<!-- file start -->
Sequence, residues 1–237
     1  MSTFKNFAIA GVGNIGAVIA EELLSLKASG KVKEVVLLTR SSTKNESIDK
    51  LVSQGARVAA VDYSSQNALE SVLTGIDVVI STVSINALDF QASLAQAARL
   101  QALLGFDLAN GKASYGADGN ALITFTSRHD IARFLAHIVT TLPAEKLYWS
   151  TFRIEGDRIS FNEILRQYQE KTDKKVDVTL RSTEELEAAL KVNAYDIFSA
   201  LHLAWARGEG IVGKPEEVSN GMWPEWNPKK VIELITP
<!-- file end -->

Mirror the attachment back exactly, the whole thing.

Sequence, residues 1–237
     1  MSTFKNFAIA GVGNIGAVIA EELLSLKASG KVKEVVLLTR SSTKNESIDK
    51  LVSQGARVAA VDYSSQNALE SVLTGIDVVI STVSINALDF QASLAQAARL
   101  QALLGFDLAN GKASYGADGN ALITFTSRHD IARFLAHIVT TLPAEKLYWS
   151  TFRIEGDRIS FNEILRQYQE KTDKKVDVTL RSTEELEAAL KVNAYDIFSA
   201  LHLAWARGEG IVGKPEEVSN GMWPEWNPKK VIELITP